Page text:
gives ## \frac {Mv^2} {2} = \frac {M(v + dv)^2} {2}##!

The initial velocity of the ball and its final velocity are different:

##dmu + Mv = M(v + dv) - dmu'## (1.1)
##u - v = -(u' -(v + dv) )## (1.2)

Isolating ##u'## in 1.2: ##u' = u -2v - dv##
Plugging this result in 1.1 and solving for ##dv##: ##dv = \frac {2dm(u - v)} {M}##

Now using ##\frac {dp} {dt'} = M\frac {dv} {dt'}## and substituting dv for the result above: ##\frac {dp} {dt'} = 2\sigma'(u - v)##
##\sigma' = \frac {\sigma(u - v)} {u}##
So ##\frac {dp} {dt'} = M \frac {dv} {dt'} = \frac {2( u - v)^2\sigma} {u}##.

Thank you very much!
 
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Related to Momentum in different referance frames

1. What is momentum in different reference frames?

Momentum is a physical quantity that describes the motion of an object. In different reference frames, momentum can be defined as the product of an object's mass and its velocity. However, the specific values of an object's mass and velocity may vary depending on the reference frame being used.

2. How does momentum change in different reference frames?

In classical mechanics, momentum is a conserved quantity, meaning it does not change in different reference frames. This is known as the law of conservation of momentum. However, in special relativity, momentum can change in different reference frames due to the effects of time dilation and length contraction.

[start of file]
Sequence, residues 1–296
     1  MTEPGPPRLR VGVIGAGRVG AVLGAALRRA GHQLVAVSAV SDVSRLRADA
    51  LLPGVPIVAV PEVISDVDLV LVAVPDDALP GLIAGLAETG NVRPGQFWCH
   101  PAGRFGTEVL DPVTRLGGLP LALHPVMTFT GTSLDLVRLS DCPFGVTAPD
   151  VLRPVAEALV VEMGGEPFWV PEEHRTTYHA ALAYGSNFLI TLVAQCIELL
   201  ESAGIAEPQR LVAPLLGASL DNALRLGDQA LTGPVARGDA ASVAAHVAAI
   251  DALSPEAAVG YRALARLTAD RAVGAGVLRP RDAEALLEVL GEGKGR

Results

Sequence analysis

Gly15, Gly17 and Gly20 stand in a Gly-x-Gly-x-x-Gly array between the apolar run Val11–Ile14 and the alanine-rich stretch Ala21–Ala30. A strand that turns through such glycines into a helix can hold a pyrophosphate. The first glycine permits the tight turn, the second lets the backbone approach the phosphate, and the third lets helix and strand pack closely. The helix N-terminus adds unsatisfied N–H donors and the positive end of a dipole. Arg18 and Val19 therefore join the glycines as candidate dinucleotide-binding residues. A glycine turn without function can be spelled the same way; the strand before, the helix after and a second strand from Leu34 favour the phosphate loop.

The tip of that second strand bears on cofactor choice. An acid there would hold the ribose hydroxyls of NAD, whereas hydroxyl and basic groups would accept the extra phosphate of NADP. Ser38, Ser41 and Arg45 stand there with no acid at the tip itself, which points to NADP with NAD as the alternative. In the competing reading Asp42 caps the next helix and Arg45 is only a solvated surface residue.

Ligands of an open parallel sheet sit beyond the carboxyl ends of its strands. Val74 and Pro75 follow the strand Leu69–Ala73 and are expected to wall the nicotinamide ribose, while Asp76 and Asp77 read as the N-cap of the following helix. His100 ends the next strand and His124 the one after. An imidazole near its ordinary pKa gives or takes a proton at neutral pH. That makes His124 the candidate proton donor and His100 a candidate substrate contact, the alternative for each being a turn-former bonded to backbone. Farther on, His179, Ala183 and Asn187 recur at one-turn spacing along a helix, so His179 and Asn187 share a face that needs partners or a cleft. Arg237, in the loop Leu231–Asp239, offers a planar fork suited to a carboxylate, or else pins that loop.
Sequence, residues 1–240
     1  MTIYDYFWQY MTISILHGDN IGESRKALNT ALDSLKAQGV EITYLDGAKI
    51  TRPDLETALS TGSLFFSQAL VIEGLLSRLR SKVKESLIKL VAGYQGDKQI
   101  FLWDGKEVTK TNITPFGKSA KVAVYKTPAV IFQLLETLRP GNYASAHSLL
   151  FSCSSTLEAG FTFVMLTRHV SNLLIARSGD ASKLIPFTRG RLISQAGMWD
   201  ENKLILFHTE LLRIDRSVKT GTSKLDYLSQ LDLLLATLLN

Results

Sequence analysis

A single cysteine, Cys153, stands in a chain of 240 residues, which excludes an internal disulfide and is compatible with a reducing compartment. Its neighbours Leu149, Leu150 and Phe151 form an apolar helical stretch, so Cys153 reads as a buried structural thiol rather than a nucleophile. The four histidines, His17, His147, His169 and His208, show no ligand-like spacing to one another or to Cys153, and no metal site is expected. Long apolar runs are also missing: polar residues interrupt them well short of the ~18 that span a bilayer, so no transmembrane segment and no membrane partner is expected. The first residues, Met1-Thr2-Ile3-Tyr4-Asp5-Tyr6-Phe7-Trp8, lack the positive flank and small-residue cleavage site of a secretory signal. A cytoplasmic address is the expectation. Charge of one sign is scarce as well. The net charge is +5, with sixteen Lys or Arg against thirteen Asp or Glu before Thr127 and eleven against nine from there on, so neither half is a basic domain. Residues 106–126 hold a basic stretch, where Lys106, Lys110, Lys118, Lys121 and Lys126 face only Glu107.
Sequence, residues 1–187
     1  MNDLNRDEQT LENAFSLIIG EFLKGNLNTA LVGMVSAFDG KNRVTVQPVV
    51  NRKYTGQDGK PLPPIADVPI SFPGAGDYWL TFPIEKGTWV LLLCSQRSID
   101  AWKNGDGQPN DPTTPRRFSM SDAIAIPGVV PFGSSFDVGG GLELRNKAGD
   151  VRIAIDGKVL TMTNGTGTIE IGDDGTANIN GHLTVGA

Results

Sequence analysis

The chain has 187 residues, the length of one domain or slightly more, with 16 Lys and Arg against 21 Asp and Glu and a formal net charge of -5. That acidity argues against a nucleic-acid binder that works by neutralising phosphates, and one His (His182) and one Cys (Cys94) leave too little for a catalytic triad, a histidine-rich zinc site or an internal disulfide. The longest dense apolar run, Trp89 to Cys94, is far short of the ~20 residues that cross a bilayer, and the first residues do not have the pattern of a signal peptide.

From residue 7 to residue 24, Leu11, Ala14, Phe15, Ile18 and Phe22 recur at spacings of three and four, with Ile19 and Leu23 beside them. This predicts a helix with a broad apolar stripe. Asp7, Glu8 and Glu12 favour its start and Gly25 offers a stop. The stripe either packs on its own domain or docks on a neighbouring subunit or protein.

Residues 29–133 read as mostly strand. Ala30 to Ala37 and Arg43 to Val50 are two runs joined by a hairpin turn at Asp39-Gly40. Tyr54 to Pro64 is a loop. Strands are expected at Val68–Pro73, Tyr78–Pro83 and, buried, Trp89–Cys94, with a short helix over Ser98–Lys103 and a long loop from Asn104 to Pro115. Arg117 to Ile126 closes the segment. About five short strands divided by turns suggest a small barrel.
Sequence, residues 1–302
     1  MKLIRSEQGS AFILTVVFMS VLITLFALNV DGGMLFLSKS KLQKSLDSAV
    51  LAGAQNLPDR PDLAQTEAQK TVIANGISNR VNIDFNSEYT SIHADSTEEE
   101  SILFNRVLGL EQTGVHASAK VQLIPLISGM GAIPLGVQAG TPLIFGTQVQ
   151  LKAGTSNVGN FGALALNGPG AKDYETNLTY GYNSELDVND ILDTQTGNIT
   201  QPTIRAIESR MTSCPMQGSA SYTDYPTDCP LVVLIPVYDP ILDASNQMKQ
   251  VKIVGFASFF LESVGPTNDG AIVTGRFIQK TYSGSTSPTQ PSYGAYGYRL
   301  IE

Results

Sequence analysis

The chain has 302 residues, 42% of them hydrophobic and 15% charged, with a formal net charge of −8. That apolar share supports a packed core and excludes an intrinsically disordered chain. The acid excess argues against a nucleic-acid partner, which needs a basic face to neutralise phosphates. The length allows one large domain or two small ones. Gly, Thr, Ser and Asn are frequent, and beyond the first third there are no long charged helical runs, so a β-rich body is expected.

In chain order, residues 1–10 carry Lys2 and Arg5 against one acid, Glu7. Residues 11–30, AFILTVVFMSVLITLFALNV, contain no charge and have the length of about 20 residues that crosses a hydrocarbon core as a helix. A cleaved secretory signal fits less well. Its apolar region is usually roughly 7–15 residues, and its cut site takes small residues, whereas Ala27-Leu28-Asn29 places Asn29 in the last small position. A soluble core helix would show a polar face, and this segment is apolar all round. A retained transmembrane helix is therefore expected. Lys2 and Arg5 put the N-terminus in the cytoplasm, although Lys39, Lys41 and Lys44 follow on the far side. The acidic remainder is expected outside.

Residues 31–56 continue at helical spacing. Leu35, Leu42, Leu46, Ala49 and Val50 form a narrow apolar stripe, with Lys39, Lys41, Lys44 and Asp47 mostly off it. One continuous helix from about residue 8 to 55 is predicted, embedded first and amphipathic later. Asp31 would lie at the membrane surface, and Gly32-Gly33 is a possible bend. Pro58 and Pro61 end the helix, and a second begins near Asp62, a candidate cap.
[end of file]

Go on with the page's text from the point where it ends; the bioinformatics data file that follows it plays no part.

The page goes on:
3. Can momentum be negative in different reference frames?

Yes, momentum can be negative in different reference frames. This occurs when an object is moving in the opposite direction of the chosen reference frame. In this case, the momentum will have a negative value, indicating the direction of the object's motion.

4. How is momentum affected by the speed of light in different reference frames?

In special relativity, the speed of light is constant in all reference frames. This means that as an object approaches the speed of light, its momentum will increase, but its velocity will not. This is due to the effects of time dilation and length contraction at high speeds.

5. What is the role of momentum in different reference frames in collision scenarios?

In collisions between objects, momentum is used to determine the outcome of the collision. In different reference frames, the total momentum of the system will remain constant before and after the collision, regardless of any changes in the individual momenta of the objects involved.